Welcome to the Flipboard interview with Stephen W. Oachs. Stephen is featured in FlipPhotos on your Flipboard and he is an award-winning photographer, successful entrepreneur and technology veteran, who began his journey in photography the moment he picked up his first camera.
Completely self-taught, Stephen’s unique and distinctive style has earned him recognition as one of today’s finest nature photographers. He was recognized in 2007 as wildlife photographer of the year by the National Wildlife Federation and was awarded best nature photographer in 2008 by National Geographic.Â His work has graced the pages of such notable publications such as National Geographic, Popular Photography, Outdoor Photographer, National Wildlife Magazine and many others.
In 2009 Stephen founded The Aperture Academy, a unique combination of fine art photography gallery in conjunction with classroom and workshop instruction. The Aperture Academy is celebrating it\’s one year anniversary today, Saturday December 4, 2010.Â Inside Flipboard will be attending the festivities to bring you a first-hand report of the anniversary event.Â Now, without further ado, we hope you enjoy the interview…
How did you get started with photography?
Stephen Oachs: In a funny way actually — It was 9 years ago and my wife and I had just gotten a Beagle puppy. I was out in the backyard with Tucker, the new Beagle, and wanted to take some photos of himâ€¦he was so cute and energetic so I went in the house and grabbed my wife’s digital camera. As I recall, it was a Sony point-and-shoot and when I pushed the button to take the picture there was about a 1-second delay from when I pushed the button to when the picture would actually be taken. Given Tucker was a puppy and didn’t hold still long, it was nearly impossible to get any good images of him. Long story short, I ended up at the camera store to buy a camera that would take the photo when the shutter button was pressed, with no delay — I ended up with a DSLR and really enjoyed the creative side of photography combined with travel, and nature.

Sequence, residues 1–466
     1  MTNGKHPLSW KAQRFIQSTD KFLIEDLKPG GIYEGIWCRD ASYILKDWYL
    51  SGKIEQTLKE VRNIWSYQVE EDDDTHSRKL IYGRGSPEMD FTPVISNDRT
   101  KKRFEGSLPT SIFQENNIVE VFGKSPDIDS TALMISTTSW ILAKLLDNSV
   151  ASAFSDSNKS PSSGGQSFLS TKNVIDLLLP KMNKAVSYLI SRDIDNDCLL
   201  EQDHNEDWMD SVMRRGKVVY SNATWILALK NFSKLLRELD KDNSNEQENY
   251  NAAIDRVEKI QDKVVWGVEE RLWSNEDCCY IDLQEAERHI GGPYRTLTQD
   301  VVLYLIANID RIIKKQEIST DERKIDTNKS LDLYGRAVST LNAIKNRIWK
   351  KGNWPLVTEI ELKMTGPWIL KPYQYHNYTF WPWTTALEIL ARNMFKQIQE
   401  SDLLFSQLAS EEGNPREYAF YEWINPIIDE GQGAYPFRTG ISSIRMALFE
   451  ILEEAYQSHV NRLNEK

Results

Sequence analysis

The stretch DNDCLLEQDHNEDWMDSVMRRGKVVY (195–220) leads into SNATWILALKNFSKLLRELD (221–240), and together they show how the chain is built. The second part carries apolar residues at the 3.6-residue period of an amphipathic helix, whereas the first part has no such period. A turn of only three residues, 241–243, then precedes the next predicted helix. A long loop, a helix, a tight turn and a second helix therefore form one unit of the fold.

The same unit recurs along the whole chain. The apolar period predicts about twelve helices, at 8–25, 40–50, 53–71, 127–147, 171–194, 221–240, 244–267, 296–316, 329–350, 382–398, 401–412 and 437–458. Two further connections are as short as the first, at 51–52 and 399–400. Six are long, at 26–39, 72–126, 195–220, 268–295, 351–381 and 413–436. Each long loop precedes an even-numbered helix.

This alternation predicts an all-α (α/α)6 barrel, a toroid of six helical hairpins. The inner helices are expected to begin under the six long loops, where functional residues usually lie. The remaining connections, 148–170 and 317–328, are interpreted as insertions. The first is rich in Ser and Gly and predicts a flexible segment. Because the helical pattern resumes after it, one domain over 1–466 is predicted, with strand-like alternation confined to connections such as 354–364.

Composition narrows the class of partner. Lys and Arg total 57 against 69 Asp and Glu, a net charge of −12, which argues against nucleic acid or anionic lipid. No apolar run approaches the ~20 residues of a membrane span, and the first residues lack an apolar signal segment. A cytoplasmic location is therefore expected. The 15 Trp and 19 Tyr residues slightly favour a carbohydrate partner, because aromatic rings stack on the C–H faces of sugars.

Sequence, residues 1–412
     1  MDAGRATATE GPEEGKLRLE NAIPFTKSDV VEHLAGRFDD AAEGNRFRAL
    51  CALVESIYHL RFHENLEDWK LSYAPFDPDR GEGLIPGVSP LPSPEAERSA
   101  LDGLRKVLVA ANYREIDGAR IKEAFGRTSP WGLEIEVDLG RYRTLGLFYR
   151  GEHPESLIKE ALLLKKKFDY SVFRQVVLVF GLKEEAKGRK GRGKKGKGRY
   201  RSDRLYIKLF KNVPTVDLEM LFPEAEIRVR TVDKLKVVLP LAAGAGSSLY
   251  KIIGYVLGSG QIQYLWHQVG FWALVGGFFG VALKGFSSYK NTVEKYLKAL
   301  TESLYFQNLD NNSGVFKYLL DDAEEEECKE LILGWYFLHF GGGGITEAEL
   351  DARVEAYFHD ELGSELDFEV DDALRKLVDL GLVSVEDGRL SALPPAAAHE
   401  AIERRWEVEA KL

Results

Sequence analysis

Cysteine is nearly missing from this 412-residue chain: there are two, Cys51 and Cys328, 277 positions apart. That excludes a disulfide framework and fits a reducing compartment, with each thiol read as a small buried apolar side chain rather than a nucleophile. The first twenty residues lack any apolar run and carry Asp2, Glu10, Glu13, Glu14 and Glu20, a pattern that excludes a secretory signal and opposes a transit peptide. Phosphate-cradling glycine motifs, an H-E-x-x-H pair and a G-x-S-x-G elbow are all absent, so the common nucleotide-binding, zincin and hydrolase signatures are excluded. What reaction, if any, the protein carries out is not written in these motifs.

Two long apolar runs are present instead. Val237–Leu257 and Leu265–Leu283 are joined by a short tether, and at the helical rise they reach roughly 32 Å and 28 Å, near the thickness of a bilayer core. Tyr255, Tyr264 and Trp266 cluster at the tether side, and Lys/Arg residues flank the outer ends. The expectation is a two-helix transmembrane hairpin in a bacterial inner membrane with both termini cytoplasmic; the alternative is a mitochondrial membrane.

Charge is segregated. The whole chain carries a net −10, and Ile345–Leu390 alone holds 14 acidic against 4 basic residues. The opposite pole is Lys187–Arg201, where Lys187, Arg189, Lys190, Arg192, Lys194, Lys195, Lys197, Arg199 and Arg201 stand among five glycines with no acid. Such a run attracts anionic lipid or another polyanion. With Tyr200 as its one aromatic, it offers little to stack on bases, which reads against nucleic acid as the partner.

When did you know this could become your career?
SO: After I bought my first DSLR camera I spent the first four years doing a lot of shooting — often traveling to locations specifically to photograph particular locations but it was only just a hobby at that time — I never did anything with the images I was capturing other than sharing online with other photography enthusiast.Â Then, with encouragement from friends and family, I attended my first local Art & Wine street fair and to my surprise people bought my workâ€¦a lot of it! This inspired me even more so I continued to attend local art shows over the next couple of years selling my work and adding to my collection of work. In 2006 I ventured into teaching others photography and really enjoyed that as well. I was out in nature teaching others something I loved to do myself. It was a perfect match — Now, four years later I have a 4,000 square foot fine art photography gallery located in the Campbell Pruneyard and with the year coming to a close we have conducted 68 workshops and taught over 800 students in 2010.
SO: Mainstream photography today is digital, both from the moment of capture, to sharingâ€¦whether it be print or on-line. With that said, the approach to photography, whether film or digital, is still quite similar. The camera is still a combination of aperture, shutter speed and composition and developing the result is done in a computer versus a dark room, yet the digital tools are, in many ways, exactly the same as the physical tools used in the dark room.
The biggest difference is that computer software for post processing (i.e. developing) an image is extremely powerful compared to their dark room counterparts so in the hands of a novice photographer these digital tools oftenÂ provide a crutch to “fix” what may or may not have been recorded while in the field. I fell victim to this early in my photography, as many do, but through my photography career have come to learn the importance of capturing the best result possible in the camera so that my post processing efforts are minimal. This is largely due to the fact that excessive digital post processing (just as with film) leads to degradation of image quality, especially when you print large.